Putting those tips in mind, I tried a different approach to my photography after that,
Not a bad improvement, if I do say so myself. 😉
Also, we had a photography session to follow up from it.
Now let’s get into the topics shall we!
We had four main plenary lectures:
- Sexual Rehabilitation
- Pain Management
- Supported Employment Program
- Clinical Hypnosis
The main message was that sexual satisfaction was a right, for anyone regardless whether they were disabled or etc. In addition, there was also a controversial topic, in which there are countries in which, where disabled individuals obtain sex or lose their virginity in brothels because they are unable to get sexual satisfaction from anywhere else. To be fair, it is a lot harder for them to find a partner, if not due to discrimination by potential partners, but also discrimination by parents of potential partners. Not to say you need to apply this in your practice! (especially since it’s still illegal in Malaysia). But the point being in that despite disability, humans still experience sexual desire, and just because you’re disabled does not mean you are unable to fulfill those needs. Secondly, the most important message was that sex was not just penetration. Your skin is the biggest sex organ. There are so many different ways of expressing sexual desires, such as hugs, kisses, and touches.
I think what I loved about the concurrent sessions was that Prof Matthew conducted it in a workshop manner, he didn’t even use the stage because he wanted to be closer to us. You can ask as many questions at almost any time you desired. He made the topic so interesting, and he was beyond helpful in answering any questions or inquiry that you may have.
Intervention wise, there was a large focus on basically sensate focusing. Other than that, its counselling and education that you are still able to have a sex life after your accident or injuries. Many people ask “how do you even start this type of conversation with your clients?”, the main answer is that you don’t just say “Hey! How’s your sex life?”, the more politically correct answer is that you say “How is the relationship between you are your partner after your accident? Is there anything you wish that was different?”, and you can eventually ask about his/her sex activities. If the individual does not want to talk about it, it’s okay. Then your next step would be to educate the patient “If you don’t want to talk about it, that’s fine. However I would just like you to know that if you wanted to talk about it, or you are facing difficulties, we can help you. Help is readily available if and when you need it.” You need to allow your patient that education that help is available. You do not need to require for your patients to tell you about it. Which brings me to my next point, if your client is perfectly happy not having any sex at all, it’s also alright. If he/she lives life having zero sex in the year, and is perfectly happy, there is no need to intervene as if oh you need this to be happy. You need not ensure that your patient hits a certain requirement of sexual pleasure to be happy. The point of intervention is that it is still highly client centered. You do what your patient wants, at his/her own satisfaction level. In addition, you also need to look at the needs of the patient’s partner. For example, if the client is happy, however the partner is not, it is probably better to talk about it. For example, “I just would like to bring to your attention that your partner feels this way.” Again, if your client chooses to not deal with the situation, it is still their decision.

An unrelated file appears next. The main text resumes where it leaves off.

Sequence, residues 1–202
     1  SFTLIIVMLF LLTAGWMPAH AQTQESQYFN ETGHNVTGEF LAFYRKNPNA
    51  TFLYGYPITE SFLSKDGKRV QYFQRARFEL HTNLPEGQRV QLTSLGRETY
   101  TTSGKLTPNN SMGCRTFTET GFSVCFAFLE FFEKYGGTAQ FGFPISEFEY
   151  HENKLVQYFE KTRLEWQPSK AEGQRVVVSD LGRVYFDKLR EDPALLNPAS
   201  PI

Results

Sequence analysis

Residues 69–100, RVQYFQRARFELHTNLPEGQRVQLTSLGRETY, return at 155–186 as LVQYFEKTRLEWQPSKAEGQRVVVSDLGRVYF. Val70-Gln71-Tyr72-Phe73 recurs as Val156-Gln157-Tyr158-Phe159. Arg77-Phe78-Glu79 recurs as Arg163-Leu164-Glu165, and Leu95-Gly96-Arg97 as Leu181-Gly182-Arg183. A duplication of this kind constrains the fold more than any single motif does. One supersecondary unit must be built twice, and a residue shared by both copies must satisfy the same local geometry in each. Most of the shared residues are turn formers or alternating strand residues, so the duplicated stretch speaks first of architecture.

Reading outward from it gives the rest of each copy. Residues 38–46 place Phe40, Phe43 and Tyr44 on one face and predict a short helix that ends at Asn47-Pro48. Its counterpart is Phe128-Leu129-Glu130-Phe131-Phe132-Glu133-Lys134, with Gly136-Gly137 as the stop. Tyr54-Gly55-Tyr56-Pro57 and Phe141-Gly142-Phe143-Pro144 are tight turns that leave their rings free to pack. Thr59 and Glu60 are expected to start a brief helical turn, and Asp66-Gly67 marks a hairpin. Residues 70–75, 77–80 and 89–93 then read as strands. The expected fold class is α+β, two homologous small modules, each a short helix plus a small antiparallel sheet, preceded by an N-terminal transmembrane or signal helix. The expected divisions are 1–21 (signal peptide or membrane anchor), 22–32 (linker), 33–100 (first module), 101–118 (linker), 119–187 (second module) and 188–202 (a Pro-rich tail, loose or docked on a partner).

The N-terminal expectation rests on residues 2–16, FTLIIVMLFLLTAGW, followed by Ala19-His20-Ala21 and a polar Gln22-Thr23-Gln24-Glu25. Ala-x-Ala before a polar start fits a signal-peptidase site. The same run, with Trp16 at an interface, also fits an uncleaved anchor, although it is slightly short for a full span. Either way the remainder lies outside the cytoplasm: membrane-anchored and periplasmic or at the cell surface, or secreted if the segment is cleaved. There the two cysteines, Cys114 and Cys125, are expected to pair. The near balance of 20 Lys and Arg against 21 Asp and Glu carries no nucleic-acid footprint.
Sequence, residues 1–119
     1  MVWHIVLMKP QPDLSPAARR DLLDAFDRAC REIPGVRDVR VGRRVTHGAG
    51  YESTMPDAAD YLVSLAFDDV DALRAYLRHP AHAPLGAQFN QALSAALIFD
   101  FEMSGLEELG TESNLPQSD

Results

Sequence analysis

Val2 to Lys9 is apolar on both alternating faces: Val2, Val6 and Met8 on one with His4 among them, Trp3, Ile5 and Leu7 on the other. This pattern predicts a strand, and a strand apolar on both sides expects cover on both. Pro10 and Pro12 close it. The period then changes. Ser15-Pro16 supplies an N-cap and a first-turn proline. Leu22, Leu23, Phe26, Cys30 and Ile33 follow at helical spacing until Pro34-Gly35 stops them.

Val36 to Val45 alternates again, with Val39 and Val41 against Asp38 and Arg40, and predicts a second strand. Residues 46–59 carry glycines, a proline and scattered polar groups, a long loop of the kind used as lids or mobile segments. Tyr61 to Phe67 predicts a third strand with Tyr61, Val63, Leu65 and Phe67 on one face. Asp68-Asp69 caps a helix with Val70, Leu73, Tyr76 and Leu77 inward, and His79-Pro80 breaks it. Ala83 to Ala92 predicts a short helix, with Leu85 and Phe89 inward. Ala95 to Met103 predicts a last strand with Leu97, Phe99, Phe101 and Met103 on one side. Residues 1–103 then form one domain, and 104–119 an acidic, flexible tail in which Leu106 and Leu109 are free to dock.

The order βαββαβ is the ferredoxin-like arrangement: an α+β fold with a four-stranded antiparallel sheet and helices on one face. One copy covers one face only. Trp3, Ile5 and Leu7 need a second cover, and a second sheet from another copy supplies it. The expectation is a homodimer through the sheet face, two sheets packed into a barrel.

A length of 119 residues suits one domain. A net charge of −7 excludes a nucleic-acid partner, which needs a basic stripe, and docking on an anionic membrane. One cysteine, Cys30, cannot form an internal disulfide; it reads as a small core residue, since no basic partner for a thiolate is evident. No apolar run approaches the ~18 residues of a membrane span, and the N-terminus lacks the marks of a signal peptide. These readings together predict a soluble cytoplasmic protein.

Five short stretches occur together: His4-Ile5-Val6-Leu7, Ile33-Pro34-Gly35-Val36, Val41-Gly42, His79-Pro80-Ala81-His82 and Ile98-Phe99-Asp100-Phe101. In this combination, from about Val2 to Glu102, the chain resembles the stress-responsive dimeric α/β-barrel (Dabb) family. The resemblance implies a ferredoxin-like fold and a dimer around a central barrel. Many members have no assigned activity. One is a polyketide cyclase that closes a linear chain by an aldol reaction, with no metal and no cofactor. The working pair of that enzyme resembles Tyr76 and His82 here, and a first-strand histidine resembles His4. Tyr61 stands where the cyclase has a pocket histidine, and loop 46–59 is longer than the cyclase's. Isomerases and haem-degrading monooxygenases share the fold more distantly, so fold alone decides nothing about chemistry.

This is mainly focusing on OTs and hospitals dealing with acute pain management. I think my main take-away was the acronym: PAIN. P for position, “where is the pain occurring?”; A for aggression, ” is there anything that you do that cause the pain to get worse?”; I for intensity, “what type of pain is it? throbbing, stabbing, prickling? what is the pain score like at rest and at movement?”, N for neutralization, “is there anything that you do that makes it better?”. In addition, I learned that now pain is categorized as the fifth vital sign, after body temperature, pulse rate, respiration rate, and blood pressure.